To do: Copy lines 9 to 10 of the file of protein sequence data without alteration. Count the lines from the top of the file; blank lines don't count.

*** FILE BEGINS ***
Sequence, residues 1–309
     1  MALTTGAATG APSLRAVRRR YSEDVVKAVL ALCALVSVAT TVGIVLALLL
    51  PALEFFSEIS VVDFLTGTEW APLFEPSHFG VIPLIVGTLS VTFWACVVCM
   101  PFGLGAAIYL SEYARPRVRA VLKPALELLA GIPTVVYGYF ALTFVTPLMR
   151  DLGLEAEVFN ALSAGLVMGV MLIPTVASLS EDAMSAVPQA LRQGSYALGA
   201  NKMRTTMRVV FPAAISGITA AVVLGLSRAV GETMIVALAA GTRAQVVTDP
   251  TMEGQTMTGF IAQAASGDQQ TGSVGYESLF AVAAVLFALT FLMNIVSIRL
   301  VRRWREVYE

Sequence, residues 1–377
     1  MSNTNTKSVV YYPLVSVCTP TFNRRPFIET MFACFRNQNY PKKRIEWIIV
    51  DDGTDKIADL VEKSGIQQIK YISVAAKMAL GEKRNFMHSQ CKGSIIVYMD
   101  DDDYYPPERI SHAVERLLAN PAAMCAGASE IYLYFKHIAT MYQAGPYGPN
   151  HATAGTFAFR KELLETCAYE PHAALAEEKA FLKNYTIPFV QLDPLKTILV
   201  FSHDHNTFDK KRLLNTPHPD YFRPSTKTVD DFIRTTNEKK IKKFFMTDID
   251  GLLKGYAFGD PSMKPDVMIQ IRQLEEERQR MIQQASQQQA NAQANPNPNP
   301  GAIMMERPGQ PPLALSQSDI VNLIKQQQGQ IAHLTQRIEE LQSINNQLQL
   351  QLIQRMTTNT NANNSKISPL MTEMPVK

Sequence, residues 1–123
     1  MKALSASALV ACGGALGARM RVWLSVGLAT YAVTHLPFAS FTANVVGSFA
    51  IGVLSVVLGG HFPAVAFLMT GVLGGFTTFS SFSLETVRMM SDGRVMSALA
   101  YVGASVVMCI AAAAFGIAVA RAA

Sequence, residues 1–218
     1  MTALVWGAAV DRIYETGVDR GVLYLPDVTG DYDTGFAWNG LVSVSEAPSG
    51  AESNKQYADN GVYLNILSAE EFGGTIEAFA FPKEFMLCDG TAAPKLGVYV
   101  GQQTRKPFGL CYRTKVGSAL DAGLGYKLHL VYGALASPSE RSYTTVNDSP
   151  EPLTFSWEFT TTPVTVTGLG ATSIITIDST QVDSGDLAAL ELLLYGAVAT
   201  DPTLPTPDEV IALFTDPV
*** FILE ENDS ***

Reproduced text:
Sequence, residues 1–377
     1  MSNTNTKSVV YYPLVSVCTP TFNRRPFIET MFACFRNQNY PKKRIEWIIV